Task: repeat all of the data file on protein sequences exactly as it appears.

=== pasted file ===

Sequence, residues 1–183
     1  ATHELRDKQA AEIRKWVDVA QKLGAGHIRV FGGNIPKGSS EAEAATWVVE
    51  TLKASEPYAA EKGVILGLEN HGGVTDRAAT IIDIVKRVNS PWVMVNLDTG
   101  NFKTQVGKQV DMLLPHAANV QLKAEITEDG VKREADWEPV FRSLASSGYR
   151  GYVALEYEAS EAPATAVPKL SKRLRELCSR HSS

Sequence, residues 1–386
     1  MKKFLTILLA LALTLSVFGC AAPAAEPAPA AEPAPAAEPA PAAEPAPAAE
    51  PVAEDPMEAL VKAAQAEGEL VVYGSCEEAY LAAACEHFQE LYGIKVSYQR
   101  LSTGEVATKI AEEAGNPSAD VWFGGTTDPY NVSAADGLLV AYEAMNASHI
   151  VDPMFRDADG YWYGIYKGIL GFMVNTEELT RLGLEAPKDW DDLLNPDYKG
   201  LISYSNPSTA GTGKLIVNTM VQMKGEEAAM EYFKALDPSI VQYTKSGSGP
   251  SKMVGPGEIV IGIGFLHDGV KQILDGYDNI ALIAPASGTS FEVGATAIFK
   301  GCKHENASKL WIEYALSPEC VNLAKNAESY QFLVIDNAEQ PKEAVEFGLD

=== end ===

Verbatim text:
Sequence, residues 1–183
     1  ATHELRDKQA AEIRKWVDVA QKLGAGHIRV FGGNIPKGSS EAEAATWVVE
    51  TLKASEPYAA EKGVILGLEN HGGVTDRAAT IIDIVKRVNS PWVMVNLDTG
   101  NFKTQVGKQV DMLLPHAANV QLKAEITEDG VKREADWEPV FRSLASSGYR
   151  GYVALEYEAS EAPATAVPKL SKRLRELCSR HSS

Sequence, residues 1–386
     1  MKKFLTILLA LALTLSVFGC AAPAAEPAPA AEPAPAAEPA PAAEPAPAAE
    51  PVAEDPMEAL VKAAQAEGEL VVYGSCEEAY LAAACEHFQE LYGIKVSYQR
   101  LSTGEVATKI AEEAGNPSAD VWFGGTTDPY NVSAADGLLV AYEAMNASHI
   151  VDPMFRDADG YWYGIYKGIL GFMVNTEELT RLGLEAPKDW DDLLNPDYKG
   201  LISYSNPSTA GTGKLIVNTM VQMKGEEAAM EYFKALDPSI VQYTKSGSGP
   251  SKMVGPGEIV IGIGFLHDGV KQILDGYDNI ALIAPASGTS FEVGATAIFK
   301  GCKHENASKL WIEYALSPEC VNLAKNAESY QFLVIDNAEQ PKEAVEFGLD